• E.g.: Projects related to core IT systems.
program management classification in it consulting firms
Program Management: Classification in IT Consulting firms
  • Programs by technology/ platform
  • Programs by client
  • Programs by business vertical
program roles and structure
Program Roles and Structure
  • Typical program roles include:
    • program owner,
    • program manager, and
    • a program coordination team,
    • project Manager
    • Upper Management
  • Typical program communication structures are program owner meetings and meetings of the program coordination team .
issues in program management
Issues in Program management

1. Project selection

2. Maximizing value of project portfolio

3. Balancing/prioritizing project portfolio for resource allocation

4. Best practices for managing project portfolios

project selection process
Project selection process
  • Criteria for project selection
    • Production factors
      • Time until ready to install
      • Impact on business processes
    • Marketing factors
      • Size of potential market for output
      • Consumer acceptance
    • Financial factors
    • Personnel factors
    • Administrative and misc factors
selection models
Selection models
  • Non-numeric models
    • Sacred cow, operating necessity, competitive necessity
  • Numeric models
    • Payback, NPV, ROI
  • Scoring models
    • Weighted factors models
  • Risk models
2 maximizing value
2. Maximizing value
  • Allocating resources for maximizing value of portfolio in terms of firm objective
  • Expected commercial value (ECV)

Function of (NPV, Strategic importance, probability of technical/commercial success, development costs, commercialization costs)

  • Productivity index (Similar to ECV but also considers R&D expenditure remaining)
  • Dynamic rank ordered list

Rank projects according to importance, NPV, internal rate of return and cal mean

  • Scoring models

scale 1-5 on reward, strategy fit, strategic leverage, prob of commercial success, technical success

balancing project portfolio
Balancing project portfolio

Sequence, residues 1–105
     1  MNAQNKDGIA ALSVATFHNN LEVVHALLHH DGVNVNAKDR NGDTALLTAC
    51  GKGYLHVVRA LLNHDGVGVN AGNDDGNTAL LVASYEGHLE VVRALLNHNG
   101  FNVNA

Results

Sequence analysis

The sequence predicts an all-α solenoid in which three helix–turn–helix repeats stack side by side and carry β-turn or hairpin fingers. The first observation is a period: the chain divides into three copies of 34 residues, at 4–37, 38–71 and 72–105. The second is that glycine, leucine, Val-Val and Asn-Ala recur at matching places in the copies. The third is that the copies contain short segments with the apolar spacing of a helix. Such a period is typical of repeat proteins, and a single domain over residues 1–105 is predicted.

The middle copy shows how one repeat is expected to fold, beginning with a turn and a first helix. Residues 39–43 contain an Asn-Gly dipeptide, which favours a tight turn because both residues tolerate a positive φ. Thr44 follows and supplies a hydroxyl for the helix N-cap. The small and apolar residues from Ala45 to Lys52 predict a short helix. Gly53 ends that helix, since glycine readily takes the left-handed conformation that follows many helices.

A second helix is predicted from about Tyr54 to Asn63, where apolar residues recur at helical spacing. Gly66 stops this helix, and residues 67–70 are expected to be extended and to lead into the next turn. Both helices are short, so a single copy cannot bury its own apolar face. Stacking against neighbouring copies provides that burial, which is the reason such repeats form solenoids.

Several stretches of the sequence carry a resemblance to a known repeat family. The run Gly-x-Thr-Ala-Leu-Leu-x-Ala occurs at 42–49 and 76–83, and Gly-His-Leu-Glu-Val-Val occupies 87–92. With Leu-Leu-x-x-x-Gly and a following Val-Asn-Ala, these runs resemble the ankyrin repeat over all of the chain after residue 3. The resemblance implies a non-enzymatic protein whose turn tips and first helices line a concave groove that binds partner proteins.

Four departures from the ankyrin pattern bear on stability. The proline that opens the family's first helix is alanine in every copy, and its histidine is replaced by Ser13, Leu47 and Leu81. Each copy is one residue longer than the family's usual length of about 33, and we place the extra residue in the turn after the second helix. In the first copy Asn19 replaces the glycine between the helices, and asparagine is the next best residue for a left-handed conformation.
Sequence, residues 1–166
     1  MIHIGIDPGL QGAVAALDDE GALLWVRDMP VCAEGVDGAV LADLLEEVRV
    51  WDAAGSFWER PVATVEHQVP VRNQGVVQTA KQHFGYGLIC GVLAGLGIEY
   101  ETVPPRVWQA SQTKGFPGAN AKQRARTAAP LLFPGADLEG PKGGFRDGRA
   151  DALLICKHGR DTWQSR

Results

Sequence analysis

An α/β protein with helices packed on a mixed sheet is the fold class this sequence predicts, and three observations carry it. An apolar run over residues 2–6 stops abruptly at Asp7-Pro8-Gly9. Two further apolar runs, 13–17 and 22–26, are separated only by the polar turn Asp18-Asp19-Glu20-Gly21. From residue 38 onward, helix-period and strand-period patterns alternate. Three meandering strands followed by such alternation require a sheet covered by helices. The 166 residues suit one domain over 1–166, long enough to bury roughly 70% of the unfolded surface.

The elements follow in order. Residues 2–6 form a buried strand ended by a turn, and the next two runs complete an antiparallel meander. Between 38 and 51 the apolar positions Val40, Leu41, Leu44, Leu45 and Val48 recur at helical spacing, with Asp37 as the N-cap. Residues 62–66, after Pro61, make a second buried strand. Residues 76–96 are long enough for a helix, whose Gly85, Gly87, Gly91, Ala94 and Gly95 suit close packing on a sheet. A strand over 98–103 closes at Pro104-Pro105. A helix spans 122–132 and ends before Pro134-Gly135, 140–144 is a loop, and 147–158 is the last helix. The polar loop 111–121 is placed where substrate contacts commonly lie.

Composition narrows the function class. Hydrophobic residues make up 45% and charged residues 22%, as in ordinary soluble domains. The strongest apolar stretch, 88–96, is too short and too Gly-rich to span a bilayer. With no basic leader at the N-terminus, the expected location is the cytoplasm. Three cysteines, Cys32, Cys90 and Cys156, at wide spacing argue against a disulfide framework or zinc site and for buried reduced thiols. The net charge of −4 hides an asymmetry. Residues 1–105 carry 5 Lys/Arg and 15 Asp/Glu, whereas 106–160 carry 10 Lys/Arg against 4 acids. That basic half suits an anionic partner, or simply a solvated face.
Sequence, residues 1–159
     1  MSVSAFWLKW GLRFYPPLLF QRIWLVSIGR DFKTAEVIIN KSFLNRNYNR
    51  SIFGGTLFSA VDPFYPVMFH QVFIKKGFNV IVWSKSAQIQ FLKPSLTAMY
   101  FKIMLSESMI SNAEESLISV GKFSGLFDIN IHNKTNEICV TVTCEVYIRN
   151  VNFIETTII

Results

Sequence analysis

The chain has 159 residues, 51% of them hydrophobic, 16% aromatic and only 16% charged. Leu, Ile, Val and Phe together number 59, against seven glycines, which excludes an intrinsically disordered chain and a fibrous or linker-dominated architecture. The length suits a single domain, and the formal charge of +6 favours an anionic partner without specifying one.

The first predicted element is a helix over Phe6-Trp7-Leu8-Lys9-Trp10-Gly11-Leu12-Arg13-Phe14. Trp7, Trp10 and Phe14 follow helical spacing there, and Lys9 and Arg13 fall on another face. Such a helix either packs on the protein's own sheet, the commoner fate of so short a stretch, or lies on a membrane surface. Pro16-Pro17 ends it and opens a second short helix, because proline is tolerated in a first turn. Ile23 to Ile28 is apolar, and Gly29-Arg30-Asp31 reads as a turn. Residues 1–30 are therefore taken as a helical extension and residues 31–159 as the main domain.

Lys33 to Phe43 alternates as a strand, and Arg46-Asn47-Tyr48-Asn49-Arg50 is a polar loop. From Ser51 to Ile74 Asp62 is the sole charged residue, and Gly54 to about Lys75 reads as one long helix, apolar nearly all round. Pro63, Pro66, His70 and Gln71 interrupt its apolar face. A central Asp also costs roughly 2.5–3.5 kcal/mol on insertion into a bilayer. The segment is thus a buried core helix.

• Balancing high-risk breakthrough R&D projects versus
  • Low-risk projects that produce near-term returns through incremental improvements to existing products
  • Perform high quality analysis of each project
    • Identify appropriate level of problem: technology, portfolio, strategy
    • Generate creative, achievable alternatives
    • Develop reliable information
    • Establish values and trade-offs: time and risk
    • Apply logical reasoning
    • Build commitment to action
3 balancing project portfolio
3.Balancing project portfolio
  • Plot projects on a portfolio grid according to technical difficulty and commercial potential
  • 4 quadrants
    • Bread and butter projects (low % and low value)
    • Oysters (low % of success but potential value)
    • Pearls (high success, high value)
    • White elephants (low potential value, long term)
4 best practices in ppm
4. Best practices in PPM
  • Senior management buy-in
  • Identify PPM focus areas and provide proof of concept
  • Develop governance process for projects
    • Makes PPM implementation easier
  • Use proven PPM tools
  • Develop a “common currency” to evaluate projects based on contribution to business objectives
  • Optimize portfolio against constraints
comments
Comments?
  • How does your organization select an project?
  • Is there a common goal among the selected projects?
  • Has the organizational goal been supported (i.e., aligned with) by those selected projects?
  • Do your employees understand the differences between “project management” vs. “program management”?
  • Do your organization implement the best “program management” practices?